Why did the helicopter crash?

category:Sports click:443
 Why did the helicopter crash?


Vecchi was on a 10-seat twin-engine Agusta-Westland AW169 helicopter. Video released by the media showed that there seemed to be no problem with the helicopters rise, but when the helicopter was ready to turn, the fuselage began to spin and eventually got out of control. Air expert David lalmont talked about his view of the air crash after watching the video.

Theres nothing unusual in the helicopter lift-off phase, but flying off the court is a difficult job because ideally you need some speed and keep climbing, Limont said. But the pilot had been climbing vertically until he was above the stadium, then began to turn to the right, and soon lost control of the plane. Just after he made a move that seemed ready to turn, the plane was out of control.

Limont believes that the helicopters tail rotor was likely to have malfunctioned, causing an air crash. In the event of such a failure, the only option for pilots is to turn the rotor to neutral at once. Lateral rotor failure causes the aircraft to lose thrust, which will cause you to fall quickly. The pilot needs to get the two rotors back in neutral at a very fast speed, and the power must be switched off fast enough to keep the rotor spinning and allow the helicopter to taxi. Limont pointed out that this emergency response to the premise that the helicopter must have enough altitude, and Vickis helicopter may not fly high enough to cause the pilot to be unable to deal with in time. Once the fuselage begins to spin, it is almost impossible to try to do all this. Source: NetEase sports writer: Fu and then editor in charge: Liu Jia _NBJ10044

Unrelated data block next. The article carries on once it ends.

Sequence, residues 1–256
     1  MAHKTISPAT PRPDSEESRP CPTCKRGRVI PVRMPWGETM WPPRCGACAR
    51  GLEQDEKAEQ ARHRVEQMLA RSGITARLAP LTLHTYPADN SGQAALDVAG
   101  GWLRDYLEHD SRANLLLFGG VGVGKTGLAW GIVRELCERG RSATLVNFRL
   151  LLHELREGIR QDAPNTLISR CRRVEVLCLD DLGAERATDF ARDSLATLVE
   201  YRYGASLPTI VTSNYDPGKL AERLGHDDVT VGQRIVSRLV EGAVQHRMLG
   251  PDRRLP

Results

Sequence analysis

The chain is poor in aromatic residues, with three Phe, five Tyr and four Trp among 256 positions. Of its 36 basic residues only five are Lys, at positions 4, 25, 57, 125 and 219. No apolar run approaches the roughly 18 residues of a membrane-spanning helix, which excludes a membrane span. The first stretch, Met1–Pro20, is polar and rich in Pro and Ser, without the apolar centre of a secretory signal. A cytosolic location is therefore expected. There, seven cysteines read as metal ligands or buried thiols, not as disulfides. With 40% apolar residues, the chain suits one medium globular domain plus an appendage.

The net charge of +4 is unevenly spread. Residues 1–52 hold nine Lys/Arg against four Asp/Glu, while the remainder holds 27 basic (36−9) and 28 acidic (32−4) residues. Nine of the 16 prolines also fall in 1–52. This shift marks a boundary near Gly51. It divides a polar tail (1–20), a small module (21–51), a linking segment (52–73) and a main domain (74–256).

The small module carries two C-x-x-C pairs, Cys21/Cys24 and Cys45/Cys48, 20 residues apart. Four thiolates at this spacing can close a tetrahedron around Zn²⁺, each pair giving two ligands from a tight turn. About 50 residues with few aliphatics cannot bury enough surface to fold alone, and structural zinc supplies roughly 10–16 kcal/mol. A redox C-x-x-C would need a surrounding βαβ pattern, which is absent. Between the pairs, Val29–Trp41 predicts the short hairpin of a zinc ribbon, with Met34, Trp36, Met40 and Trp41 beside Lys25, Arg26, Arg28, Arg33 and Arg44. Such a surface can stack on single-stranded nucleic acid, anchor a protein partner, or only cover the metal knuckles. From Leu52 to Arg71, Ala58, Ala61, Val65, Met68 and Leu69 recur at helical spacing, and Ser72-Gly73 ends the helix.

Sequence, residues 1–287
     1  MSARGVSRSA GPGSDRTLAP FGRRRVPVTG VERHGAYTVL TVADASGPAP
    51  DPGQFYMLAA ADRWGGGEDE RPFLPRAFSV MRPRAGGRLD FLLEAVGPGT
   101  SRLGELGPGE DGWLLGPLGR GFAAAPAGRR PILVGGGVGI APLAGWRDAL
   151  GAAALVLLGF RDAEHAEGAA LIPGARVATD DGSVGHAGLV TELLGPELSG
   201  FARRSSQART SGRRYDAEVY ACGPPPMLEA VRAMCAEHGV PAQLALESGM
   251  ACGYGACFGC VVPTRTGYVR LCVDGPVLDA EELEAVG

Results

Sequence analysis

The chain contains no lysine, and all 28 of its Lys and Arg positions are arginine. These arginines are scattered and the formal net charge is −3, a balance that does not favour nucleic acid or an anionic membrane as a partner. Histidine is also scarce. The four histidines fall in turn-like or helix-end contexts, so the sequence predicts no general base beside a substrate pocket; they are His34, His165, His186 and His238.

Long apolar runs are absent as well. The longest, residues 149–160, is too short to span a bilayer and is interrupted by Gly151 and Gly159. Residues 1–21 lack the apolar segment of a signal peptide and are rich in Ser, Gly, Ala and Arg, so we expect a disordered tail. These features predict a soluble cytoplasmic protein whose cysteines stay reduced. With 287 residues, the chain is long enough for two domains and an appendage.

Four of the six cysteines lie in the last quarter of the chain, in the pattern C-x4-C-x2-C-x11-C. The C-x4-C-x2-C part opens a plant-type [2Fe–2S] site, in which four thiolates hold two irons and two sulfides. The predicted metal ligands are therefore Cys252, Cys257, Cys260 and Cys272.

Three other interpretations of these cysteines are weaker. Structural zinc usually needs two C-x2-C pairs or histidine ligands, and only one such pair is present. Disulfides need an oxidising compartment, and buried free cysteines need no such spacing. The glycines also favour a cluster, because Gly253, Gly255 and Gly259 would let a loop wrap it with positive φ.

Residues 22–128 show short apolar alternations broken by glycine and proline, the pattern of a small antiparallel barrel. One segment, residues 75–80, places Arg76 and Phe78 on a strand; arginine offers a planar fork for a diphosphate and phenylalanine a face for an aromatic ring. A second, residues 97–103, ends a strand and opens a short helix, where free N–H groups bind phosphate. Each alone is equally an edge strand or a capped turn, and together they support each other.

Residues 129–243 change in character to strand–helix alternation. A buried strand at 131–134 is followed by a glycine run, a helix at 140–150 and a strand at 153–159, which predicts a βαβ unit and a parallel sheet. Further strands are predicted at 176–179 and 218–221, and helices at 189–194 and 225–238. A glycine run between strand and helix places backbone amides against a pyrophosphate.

Limont believes that the helicopters tail rotor was likely to have malfunctioned, causing an air crash. In the event of such a failure, the only option for pilots is to turn the rotor to neutral at once. Lateral rotor failure causes the aircraft to lose thrust, which will cause you to fall quickly. The pilot needs to get the two rotors back in neutral at a very fast speed, and the power must be switched off fast enough to keep the rotor spinning and allow the helicopter to taxi.

Limont pointed out that this emergency response to the premise that the helicopter must have enough altitude, and Vickis helicopter may not fly high enough to cause the pilot to be unable to deal with in time. Once the fuselage begins to spin, it is almost impossible to try to do all this.